A recent report from CBS News (below) addressed racial disparities during police traffic stops.
But during the majority of traffic stops, the officer may not know the race of the driver.
When I Was A Cop
We were running radar and I’m a chase vehicle waiting nearby. The radar operator calls out a license number and vehicle description. We are using a fifteen-mile an hour variance; the driver must be going fifteen miles an hour over the speed limit. I pull over multiple vehicles.
I set up behind bushes at a spot where there was a recent fatal accident because a driver ran a stop sign. I have a clear view of the vehicle but not the driver. I pull over and ticket drivers for doing the same thing.
While on routine patrol, I spot vehicles speeding, tailgating or making improper turns. I’m usually in heavy traffic and I won’t make the stop unless it can be done safely, which means I’m scanning the locations of cars and trucks and pedestrians looking for the right time and place. If I’m pacing the vehicle (matching my speed to his), that’s where my focus is.
My point is that in almost every traffic stop I made, I didn’t have a clue as to who the driver was or the group he or she represented. I was too busy with other issues.
Yes, I acknowledge that there are jerks in policing in the same way I know there are unscrupulous lawyers, priests, ministers, reporters, politicians, research scientists and people in every profession who do harm.
But the vast majority of police officers I knew (and know now) were openly dedicated to protecting people equally. They understand America’s history of race relations. They embrace constitutional principals. They are honorable people doing a very difficult job.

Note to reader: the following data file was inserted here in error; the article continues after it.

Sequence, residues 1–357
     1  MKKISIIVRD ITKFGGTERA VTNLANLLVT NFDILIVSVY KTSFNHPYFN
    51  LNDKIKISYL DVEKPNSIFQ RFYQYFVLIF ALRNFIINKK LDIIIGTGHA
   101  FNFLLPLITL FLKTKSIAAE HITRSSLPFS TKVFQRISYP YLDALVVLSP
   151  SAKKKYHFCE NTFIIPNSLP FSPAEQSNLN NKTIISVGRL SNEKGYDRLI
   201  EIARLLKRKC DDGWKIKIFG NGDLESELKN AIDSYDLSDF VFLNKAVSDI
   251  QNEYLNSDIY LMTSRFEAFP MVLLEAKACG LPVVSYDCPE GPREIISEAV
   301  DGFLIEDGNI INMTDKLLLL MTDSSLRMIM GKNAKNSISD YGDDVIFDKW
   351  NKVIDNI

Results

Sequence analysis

I intensely dislike anyone who judges the group based on the actions of a few and that includes the feelings of many about cops. It doesn’t matter if you are gay or black or female or disabled or poor, anyone treating citizens based on elitist, racist, homophobic or sexist notions is a first-class idiot. But the studies regarding disparities during traffic stops assume racist intent; there are those insisting that racism is the only possible explanation.
There are traffic stops where the race of the driver is self-evident. When I was the director of public information for the Maryland Department of Public Safety, I drove a civilian looking state vehicle and I was pulled over several times in African American neighborhoods because people who lived there complained about outsiders coming into their community to buy drugs. The officers were simply doing what residents asked them to do.
At the same time, I’m aware of African American friends and coworkers who were stopped for traffic violations and insisted they were doing nothing wrong. I have no reason to disbelieve them.
But We Are Losing Cops
If we insist that racist attitudes are solely responsible for traffic disparities, why be a cop? Why would you stay?
Per Department of Justice data, the vast majority of people stopped by the police for traffic and criminal matters felt that officers behaved responsibly. Per Gallup, policing is one of the highest rated professions in the country.
But the endless negative publicity (some of it deserved) is causing massive retention and recruitment problems for law enforcement. Families are telling officers to get out, and to get out now. Officer suicides and PTSD are real problems. The number of proactive stops (including traffic) is plummeting, Crime in America.
If you were constantly told that you belong to a profession that is using race as a pretext for traffic stops, would you stay or join?
There is a multitude of studies for traffic stops over decades showing that black drivers are overly represented. The report by CBS is one of many.